An unfortunate aspect of life is that we often create obstacles, usually unconsciously, that may serve some sort of immediate purpose, but end up being long-term liabilities. These barriers are often driven by some of our most basic needs, for example, to feel competent, to be accepted, to feel in control. Regrettably, these obstacles become intractable and end up preventing people from changing (or even attempting to change) when they shift from being beneficial to being burdensome.
Baggage. Like all of us, you bring good things into adulthood from your childhood. And, as a human being, you probably also bring some not-so-good things, what is commonly called your “baggage.” The most frequent types of baggage include low self-esteem, perfectionism, fear, need for control, anger, and need to please. This baggage causes you to think, feel, and behave based on who you were as a child rather than the very different person you are now as an adult. Most of this baggage causes you to react to the world in an unproductive way that can sabotage your efforts to achieve positive life change.
Habits. When you experience thoughts, emotions, and behavior that are driven by your baggage with enough frequency, they become deeply ingrained habits that dictate how you act on and react to the world. These habits are much like athletes who practice bad technique. This poor technique becomes wired into their “muscle memory” and comes out in competition. Similarly, when your baggage becomes ingrained as habits, they produce seemingly reflexive response even when they are neither healthy or adaptive. The challenge is that, again like athletes, once habits are ingrained, it is difficult to retrain them.
Emotions. Negative emotions, such as fear, anger, sadness, frustration, and hopelessness, can act as a powerful deterrent to life change. For example, many people don’t change out of the fear of failure. They might think, “What if I can’t change, then I’ll prove myself to be even more of a failure than I am now.” They then say, “I’ve been this way for a long time and I’m getting by, so it’s not worth the risk.” These negative emotions become substantial barriers to change by being triggered whenever you feel uncomfortable, incompetence, or unsupported. And the only relief is to retreat back to the way you have been.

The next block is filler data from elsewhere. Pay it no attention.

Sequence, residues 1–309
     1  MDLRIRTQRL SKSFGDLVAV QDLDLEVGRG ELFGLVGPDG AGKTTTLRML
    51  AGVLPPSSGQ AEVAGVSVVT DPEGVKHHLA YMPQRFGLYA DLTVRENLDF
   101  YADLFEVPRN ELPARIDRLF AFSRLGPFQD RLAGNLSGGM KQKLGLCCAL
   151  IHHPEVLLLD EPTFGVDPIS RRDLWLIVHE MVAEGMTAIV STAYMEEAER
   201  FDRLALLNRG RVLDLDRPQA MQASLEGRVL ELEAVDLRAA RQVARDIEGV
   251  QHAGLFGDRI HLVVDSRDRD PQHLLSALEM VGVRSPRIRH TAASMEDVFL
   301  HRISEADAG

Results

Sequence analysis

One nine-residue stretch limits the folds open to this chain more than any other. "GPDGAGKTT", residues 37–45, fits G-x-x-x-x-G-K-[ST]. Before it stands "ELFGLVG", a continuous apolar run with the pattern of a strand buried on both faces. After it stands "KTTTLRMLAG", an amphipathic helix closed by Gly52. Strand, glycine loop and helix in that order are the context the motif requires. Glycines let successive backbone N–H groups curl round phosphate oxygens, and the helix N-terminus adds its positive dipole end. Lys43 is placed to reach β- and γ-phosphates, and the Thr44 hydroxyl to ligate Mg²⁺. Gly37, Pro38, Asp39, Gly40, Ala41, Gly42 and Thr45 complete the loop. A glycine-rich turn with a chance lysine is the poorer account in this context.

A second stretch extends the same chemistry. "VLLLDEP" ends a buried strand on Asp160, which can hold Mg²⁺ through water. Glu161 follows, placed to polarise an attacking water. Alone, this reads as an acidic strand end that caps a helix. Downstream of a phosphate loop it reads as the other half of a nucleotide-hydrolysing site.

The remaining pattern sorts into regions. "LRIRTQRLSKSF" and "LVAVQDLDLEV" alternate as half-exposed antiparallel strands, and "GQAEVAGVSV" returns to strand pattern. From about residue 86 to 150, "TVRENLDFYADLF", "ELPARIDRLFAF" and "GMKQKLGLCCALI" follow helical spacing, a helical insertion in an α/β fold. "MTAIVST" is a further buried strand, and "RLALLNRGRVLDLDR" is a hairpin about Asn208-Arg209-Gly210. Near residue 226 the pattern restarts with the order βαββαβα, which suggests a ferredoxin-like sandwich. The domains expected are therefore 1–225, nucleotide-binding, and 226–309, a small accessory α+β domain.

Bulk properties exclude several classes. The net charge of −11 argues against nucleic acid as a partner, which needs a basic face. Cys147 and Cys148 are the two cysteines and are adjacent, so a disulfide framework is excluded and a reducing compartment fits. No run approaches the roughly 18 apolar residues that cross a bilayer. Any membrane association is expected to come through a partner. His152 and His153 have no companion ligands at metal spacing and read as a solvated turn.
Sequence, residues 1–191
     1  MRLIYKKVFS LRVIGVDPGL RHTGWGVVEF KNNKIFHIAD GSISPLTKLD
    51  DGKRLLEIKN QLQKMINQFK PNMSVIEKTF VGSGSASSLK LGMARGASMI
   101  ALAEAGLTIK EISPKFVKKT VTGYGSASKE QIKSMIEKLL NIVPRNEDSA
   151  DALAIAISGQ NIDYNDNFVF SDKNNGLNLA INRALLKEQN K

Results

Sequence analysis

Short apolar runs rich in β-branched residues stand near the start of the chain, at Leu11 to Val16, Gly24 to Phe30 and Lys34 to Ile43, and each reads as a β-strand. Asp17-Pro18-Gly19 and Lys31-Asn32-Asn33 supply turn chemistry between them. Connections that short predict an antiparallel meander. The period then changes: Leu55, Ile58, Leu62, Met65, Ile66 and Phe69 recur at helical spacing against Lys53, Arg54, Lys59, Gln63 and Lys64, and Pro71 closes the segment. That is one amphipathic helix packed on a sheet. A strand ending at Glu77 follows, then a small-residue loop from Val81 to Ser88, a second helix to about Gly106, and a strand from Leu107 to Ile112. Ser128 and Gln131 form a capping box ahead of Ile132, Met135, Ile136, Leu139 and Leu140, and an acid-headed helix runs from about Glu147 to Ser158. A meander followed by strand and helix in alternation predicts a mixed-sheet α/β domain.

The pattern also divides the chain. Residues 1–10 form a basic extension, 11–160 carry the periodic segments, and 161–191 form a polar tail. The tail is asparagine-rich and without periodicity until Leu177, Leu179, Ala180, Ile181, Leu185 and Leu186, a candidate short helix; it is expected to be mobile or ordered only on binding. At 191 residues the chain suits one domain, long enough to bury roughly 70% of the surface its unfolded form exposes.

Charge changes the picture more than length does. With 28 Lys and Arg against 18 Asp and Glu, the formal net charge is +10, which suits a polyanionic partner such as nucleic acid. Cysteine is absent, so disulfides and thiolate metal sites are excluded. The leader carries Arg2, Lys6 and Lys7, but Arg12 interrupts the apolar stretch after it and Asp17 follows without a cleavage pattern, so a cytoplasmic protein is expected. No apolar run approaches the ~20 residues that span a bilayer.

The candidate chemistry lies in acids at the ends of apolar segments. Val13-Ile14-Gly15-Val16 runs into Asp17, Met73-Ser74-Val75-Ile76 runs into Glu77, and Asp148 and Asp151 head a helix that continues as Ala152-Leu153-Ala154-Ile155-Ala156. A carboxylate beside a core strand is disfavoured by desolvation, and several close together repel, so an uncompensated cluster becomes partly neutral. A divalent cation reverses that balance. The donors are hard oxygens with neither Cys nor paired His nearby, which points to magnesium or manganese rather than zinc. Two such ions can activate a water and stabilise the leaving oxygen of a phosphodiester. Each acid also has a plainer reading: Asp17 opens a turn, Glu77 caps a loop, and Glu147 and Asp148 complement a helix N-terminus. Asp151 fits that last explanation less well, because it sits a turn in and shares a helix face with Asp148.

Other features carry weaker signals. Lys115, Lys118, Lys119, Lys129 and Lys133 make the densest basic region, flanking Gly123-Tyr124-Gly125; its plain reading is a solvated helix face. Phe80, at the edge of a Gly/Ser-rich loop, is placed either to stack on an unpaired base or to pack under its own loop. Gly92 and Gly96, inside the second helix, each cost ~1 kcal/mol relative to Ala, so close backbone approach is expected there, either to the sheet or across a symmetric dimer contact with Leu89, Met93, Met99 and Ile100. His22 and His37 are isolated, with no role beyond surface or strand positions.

Environment. You create an environment that helps you best manage your baggage, habits, and emotions. You surround yourself with people who are supportive of the way you are and make you feel comfortable and safe. You engage in activities that play to your strengths and help you either mask or mitigate those obstacles. Unfortunately, this environment reinforces who you are, even when you don’t want to be who you are, and can cause you to continue down a path that interferes with your happiness and achievement of your goals. This environment may, at a minimum, not support change and, at worst, discourage change.
In all four cases, when you allow these obstacles to control your life, they have the effect of sabotaging your efforts at changing your life in a positive way. Even worse, you feel stuck, frustrated, and helpless to change your lot in life.
Dr. Jim Taylor is an adjunct professor at the University of San Francisco. His specialty is the psychology of business, sport, and parenting. Jim has been a consultant to and has provided individual and group training to executives and businesses.